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A moment from the film "Starting at Zero"

A New Documentary Makes the Case for Early Investment

The Founding Fathers built competition among the states into our system of government. With 50-plus laboratories for democracy, we’re bound to come up with powerful and efficient ideas for optimizing life, liberty and the pursuit of happiness. At least that’s how it’s supposed to work.

Starting at Zero: Reimagining Education in America breathes new life into this ideal as it relates to early childhood education. Produced by the Saul Zaentz Charitable Foundation and Firestarter Interactive and directed by Willa Kammerer, Starting at Zero is a beautifully shot and compellingly argued case for expanding the definition of public education to include infants and toddlers. With persistent gridlock in Washington, D.C., states have greater incentive than ever to make learning better for today’s families and tomorrow’s workforce.

Comprising over 60 interviews with leaders from various sectors (including five governors and 11 children), the documentary showcases how some states are investing, innovating and inspiring their way to better systems for their youngest residents.

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A relative newcomer to early learning, Kammerer found it “inspiring to be aligned with the wholehearted commitment” of the interviewees and the film’s funder, Saul Zaentz Charitable Foundation. She began work on the project in 2017, when it originated as a short film about Alabama’s successful reinvention in the field. Public and private dedication and collaboration radiating out from the capital city of Montgomery remains the core of Starting at Zero, but the detours it takes to Montana, Virginia and North Carolina, among other states, showcase both momentum and variety.

Turning it into a 63-minute production, Kammerer says, demanded a far greater investment of time than she initially anticipated. “We trusted the journey,” she says, “and made many discoveries along the way.”

👉 Listen: Kammerer speaks to “City Lights” host Lois Reitzes (WABE Atlanta)

Setting the tone for the documentary, Javaid Siddiqi, president and CEO of The Hunt Institute, asserts that in the United States, “Governors play the most critical role” in early learning. James B. Hunt, Jr., former governor of North Carolina and the namesake and board chair of The Hunt Institute, calls early learning “the secret sauce” of economic growth and an equitable society. (Hunt is still known as “the Education Governor.”)

Montana governor Steve Bullock declares that early learning “may be the most important thing we can do in public office.” In a noteworthy example of interstate collaboration, his office seeks out the advice of Jeana Ross, Secretary of Alabama’s Department of Early Childhood Education. Ross, who recently retired, emerges a standout voice in the documentary, not least for the uniqueness of her office—a secretary-level position reporting not to the state education department but to the governor. Credit for Alabama’s success goes to a series of governors who take consecutive ownership of the initiative. Normally unsung public officials are also celebrated, as well as partners from business and philanthropy. Jera Stribling of Alabama Giving boils the continuous improvement of her state’s initiative down to four words: “slow expansion, high quality.”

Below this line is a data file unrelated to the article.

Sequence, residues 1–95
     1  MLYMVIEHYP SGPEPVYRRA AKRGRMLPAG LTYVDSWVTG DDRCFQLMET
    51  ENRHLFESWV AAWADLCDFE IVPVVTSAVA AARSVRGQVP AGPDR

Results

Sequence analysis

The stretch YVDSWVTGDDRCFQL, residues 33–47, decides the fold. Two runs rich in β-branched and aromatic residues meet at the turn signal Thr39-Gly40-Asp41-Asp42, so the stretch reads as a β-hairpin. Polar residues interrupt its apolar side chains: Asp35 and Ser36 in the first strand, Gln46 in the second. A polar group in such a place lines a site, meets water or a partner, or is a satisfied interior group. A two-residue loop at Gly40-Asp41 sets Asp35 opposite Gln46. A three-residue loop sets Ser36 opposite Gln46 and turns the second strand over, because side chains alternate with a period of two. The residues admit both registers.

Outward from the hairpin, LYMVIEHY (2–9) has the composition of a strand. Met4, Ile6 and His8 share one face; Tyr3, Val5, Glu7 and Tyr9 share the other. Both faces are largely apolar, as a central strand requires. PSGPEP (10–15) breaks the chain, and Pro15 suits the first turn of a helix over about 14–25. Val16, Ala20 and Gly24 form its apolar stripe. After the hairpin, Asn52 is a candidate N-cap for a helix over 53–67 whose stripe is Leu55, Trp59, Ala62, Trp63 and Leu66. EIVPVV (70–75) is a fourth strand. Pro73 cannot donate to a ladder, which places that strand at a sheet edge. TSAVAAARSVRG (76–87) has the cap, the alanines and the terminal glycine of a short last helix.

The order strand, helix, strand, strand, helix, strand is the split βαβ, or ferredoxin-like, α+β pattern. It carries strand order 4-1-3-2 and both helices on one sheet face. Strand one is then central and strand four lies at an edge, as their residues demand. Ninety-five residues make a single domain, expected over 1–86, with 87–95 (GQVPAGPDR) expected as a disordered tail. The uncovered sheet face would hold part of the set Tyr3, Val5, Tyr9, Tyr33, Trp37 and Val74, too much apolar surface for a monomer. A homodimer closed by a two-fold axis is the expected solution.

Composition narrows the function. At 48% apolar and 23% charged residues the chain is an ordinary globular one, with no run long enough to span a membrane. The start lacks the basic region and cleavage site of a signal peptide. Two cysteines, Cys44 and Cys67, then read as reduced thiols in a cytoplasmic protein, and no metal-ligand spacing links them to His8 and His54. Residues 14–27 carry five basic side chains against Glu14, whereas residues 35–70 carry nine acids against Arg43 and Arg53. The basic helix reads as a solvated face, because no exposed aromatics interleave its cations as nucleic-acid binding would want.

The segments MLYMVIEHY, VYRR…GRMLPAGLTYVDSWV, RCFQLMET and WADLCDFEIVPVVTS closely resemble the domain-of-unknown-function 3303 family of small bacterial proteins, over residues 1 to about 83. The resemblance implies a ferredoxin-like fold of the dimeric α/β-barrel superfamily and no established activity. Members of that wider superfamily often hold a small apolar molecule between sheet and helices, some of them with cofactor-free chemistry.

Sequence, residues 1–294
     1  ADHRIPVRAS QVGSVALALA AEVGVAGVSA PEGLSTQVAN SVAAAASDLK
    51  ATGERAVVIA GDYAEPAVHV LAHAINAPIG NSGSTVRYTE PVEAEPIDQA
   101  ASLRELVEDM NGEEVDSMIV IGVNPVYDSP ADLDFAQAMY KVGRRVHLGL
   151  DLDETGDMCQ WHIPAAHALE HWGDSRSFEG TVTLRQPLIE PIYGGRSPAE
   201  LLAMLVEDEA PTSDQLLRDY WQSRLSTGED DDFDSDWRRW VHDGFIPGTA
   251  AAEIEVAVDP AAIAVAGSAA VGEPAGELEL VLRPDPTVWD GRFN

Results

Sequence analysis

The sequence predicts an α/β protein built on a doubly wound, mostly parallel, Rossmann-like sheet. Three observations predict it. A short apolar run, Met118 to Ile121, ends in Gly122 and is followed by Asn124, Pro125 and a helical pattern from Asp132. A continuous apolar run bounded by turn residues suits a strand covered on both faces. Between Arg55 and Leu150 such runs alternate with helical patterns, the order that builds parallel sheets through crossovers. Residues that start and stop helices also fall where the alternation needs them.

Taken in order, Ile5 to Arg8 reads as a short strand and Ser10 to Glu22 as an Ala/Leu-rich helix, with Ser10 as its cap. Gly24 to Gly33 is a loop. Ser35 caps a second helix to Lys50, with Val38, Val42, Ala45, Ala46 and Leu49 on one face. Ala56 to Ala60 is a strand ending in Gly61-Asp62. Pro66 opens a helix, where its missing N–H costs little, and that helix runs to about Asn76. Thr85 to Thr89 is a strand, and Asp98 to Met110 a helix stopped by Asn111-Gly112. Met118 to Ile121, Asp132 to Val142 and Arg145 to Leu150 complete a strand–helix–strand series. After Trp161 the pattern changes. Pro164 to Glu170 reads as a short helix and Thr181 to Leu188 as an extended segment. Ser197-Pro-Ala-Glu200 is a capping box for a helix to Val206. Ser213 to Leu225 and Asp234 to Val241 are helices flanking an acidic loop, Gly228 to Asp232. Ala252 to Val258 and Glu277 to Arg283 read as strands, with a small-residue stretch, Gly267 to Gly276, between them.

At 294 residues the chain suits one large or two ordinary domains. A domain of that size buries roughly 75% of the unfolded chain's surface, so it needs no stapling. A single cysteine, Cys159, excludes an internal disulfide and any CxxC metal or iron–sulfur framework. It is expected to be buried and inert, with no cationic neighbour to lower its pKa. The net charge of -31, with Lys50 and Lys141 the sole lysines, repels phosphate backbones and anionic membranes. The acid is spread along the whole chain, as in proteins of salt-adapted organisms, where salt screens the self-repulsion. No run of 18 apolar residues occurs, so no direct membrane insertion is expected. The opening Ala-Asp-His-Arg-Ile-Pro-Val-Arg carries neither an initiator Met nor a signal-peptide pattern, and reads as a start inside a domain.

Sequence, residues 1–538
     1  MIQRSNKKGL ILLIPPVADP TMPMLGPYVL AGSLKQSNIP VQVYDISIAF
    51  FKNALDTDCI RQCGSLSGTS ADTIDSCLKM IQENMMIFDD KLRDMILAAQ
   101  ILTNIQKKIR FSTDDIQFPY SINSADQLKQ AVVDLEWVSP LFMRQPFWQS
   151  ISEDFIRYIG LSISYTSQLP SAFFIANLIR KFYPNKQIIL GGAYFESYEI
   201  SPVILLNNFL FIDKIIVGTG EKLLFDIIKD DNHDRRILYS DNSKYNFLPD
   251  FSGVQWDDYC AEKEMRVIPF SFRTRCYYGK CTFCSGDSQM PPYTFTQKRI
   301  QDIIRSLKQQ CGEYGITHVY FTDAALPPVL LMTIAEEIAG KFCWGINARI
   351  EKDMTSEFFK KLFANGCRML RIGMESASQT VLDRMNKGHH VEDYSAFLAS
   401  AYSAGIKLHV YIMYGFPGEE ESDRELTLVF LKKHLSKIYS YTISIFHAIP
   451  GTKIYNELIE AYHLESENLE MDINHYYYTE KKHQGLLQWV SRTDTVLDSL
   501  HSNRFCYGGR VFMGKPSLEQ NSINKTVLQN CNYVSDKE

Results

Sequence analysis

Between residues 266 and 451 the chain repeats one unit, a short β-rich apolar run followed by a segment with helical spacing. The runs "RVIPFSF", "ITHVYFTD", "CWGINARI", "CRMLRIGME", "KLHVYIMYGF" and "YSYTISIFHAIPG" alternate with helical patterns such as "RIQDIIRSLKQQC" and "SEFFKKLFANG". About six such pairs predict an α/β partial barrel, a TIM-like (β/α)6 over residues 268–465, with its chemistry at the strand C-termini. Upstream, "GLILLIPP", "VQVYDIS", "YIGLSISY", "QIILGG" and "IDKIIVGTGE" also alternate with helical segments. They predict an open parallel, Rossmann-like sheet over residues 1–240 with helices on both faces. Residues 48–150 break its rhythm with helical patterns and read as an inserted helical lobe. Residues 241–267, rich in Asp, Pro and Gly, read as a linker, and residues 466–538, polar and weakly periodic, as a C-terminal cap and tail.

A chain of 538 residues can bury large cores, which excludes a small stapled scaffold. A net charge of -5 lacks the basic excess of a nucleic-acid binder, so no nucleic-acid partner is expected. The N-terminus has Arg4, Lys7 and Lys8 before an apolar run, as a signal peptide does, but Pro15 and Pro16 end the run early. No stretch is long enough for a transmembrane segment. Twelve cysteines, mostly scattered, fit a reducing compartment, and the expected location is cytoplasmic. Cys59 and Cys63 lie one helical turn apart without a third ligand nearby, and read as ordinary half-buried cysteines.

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Support takes many forms, including annual gatherings to inspire and inform teachers. At one such event, Dorothy Flowers, an Alabama First Class Pre-K teacher, announces, “What I’ve learned here, I can see it on my children’s face.”

The business argument for early education emerges in remarks from Phil Bryant, former governor of Mississippi, who highlights the importance of developing “soft power skills” from a young age, and Gregory Canfield, Alabama’s Secretary of Commerce, who argues, “Education is economic development, in a practical sense.” Jeff Coleman, Chairman, Coleman Worldwide Moving, explains, “Legislators listen to the business community.”

Of course, plans don’t succeed without dedicated professionals carrying them out, and Starting at Zero lovingly lingers on the experience of educators. In the words of Jim Squires, Senior Research Fellow, National Institute for Early Education Research, Rutgers University, “It’s not the pan, it’s the chef.” Cynthia Jackson of Educare tells the filmmakers that it all depends on “teachers who are self-actualized, who are loving, caring people themselves.” Rachel Wagner of the Devereux Center for Resilient Children exhorts teachers, “Blend social-emotional learning into everything you do.”

Starting at Zero is packed with insights and startlingly commonsensical remarks. For me, the moment that crystallizes the overall argument of the film occurs when Aaliyah Samuel, formerly of the National Governors Association, states, “School readiness starts at birth.” Katharine Stevens of the American Enterprise Institute, backs up the claim by noting, “In our single-minded focus on fixing the K-12 schools, we’ve been missing something very important.”

According to Kammerer, the Zaentz Foundation made it clear from the start that the documentary would be first and foremost a tool for policymakers and the early education field. “We see it as a demonstration of the potential for digital content to educate, inspire and—we hope and believe—really have a chance at impacting policy.”


Related:

Article/Film: Brain Matters Documentary Attracts Global Interest

Article/Film: No Small Matter: New Film Explores Policies, Realities of Early Childhood Learning

Mark Swartz writes for and about nonprofit organizations. He lives in Takoma Park, MD, with his wife and two children.

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